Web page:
An example was Hassan and Alabed, which started as a cement company and expanded into large real estate developments.
The task force says it was in a network with about 10 other large companies with interlinking share ownership connected to Bashir ally Abdelbasit Hamza that moved large sums through foreign bank accounts.
The biggest was Alrowad Real Estate Development, established in 2007 and listed on Khartoum’s stock exchange, with subsidiaries that the Western intelligence source said laundered money and traded in currency to finance Hamas.
Hamza was jailed in April for 10 years on corruption charges and sent to the Khartoum prison where Bashir is being held. The task force said he had assets worth up to $1.2 billion in his name. Hamza’s lawyer, who also represents Bashir, could not be reached for comment.
A second network, worth up to $20 million, revolved around the broadcaster Tayba and an associated charity named Almishkat. It was run by two Hamas members who got citizenship and amassed businesses and real estate, according to Maher Abouljokh, the caretaker brought in to manage Tayba. The TV channel was funnelling money from the Gulf, laundered millions of dollars, and had clear links to Hamas, said Abouljokh.
Contacted by Reuters, Hamas official Sami Abu Zuhri denied the group had investments in Sudan, but acknowledged an impact from Sudan’s political shift: “Unfortunately, there were several measures that weakened the presence of the movement (Hamas) in the country (Sudan) and limited political ties with it,” he said.
By last year, Sudan was desperate to escape the SST list, a prerequisite for debt relief and support from international lenders.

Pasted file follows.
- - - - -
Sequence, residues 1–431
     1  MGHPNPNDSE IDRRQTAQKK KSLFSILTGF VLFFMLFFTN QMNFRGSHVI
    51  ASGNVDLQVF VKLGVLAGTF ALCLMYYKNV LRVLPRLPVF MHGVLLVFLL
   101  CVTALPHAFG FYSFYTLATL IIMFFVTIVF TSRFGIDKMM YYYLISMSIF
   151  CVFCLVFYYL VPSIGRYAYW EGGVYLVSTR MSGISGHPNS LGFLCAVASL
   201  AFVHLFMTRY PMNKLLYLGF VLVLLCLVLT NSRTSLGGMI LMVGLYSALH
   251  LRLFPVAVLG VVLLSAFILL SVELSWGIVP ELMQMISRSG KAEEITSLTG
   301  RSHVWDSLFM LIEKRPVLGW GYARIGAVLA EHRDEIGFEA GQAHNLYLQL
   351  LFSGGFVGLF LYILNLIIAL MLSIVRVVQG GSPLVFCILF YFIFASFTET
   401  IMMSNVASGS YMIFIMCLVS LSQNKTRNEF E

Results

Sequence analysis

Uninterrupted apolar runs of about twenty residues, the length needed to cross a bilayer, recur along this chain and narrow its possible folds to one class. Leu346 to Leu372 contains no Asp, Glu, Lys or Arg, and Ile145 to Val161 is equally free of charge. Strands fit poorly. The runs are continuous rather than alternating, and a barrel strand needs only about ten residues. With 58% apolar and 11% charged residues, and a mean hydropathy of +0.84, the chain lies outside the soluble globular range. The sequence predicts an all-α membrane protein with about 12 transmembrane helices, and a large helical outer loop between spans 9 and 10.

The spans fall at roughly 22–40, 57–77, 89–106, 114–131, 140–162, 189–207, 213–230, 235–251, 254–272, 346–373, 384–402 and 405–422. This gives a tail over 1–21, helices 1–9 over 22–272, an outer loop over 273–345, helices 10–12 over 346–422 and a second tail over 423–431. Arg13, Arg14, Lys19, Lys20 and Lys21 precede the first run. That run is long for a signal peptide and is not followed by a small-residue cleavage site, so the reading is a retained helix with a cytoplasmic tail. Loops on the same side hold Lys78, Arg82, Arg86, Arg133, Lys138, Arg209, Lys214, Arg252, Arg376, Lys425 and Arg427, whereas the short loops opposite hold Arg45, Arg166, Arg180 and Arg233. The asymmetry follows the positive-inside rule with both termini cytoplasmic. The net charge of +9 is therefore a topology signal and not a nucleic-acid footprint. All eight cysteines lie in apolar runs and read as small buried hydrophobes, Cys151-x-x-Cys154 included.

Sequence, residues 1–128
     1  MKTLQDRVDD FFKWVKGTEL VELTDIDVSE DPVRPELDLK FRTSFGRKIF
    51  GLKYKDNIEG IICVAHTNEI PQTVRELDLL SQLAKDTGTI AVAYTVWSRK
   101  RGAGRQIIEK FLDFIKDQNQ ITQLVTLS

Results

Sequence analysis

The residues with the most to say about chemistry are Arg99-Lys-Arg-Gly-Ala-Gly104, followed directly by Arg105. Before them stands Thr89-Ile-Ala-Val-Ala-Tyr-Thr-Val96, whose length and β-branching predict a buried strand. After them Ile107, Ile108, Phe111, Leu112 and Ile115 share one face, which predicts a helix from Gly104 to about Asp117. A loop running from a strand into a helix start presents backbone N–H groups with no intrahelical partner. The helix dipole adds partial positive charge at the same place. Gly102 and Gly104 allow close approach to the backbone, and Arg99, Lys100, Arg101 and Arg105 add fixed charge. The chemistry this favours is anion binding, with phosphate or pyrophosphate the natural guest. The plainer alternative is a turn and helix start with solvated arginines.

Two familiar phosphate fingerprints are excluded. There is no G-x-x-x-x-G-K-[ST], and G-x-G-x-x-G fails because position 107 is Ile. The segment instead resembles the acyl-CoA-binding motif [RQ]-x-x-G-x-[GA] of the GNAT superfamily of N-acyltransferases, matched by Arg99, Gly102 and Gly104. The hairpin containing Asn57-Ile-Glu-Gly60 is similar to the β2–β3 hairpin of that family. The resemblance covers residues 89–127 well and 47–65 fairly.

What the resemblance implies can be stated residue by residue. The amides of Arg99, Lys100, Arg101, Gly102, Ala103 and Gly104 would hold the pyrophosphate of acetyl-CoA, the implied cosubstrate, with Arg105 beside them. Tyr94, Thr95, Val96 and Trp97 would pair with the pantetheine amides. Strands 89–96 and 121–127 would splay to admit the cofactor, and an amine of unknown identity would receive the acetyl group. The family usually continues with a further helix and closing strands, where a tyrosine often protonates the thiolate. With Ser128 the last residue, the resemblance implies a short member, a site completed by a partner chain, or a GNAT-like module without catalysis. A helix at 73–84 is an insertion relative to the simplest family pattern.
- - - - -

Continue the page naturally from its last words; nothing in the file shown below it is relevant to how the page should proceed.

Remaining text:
Under pressure from the United States, it joined the United Arab Emirates, Bahrain and Morocco in agreeing to normalise ties with Israel – though it has moved slowly to implement the deal.
A former U.S. diplomat who worked on Sudan under the Trump administration said shutting down the Hamas network was a focus in negotiations with Khartoum. “We were pushing on an open door,” he said.
The United States gave Sudan a list of companies to shut down, according to one Sudanese source and the Western intelligence source. The State Department declined to comment.
Many Hamas-affiliated figures went to Turkey with some liquid assets but left behind about 80% of their investments, the task force official said.
Sudan’s transitional leaders “consider themselves the exact antithesis of Bashir in regional terms,” said Sudanese analyst Magdi El Gazouli. “They want to sell themselves as a component of the new security order in the region.”
“The coup against al-Bashir caused real problems for Hamas and Iran,” said Palestinian analyst Adnan Abu Amer. “Hamas and Iran had to look for alternatives – alternatives that had not been in place because the coup against al-Bashir was a sudden one.”
(Reporting by Khalid Abdelaziz and Nafisa Eltahir in Khartoum, John Irish in Paris, Nidal al-Mughrabi in Gaza, Arshad Mohamed in Washington and Dan Williams in Jerusalem; Writing by Aidan Lewis and Nafisa Eltahir; Editing by Giles Elgood)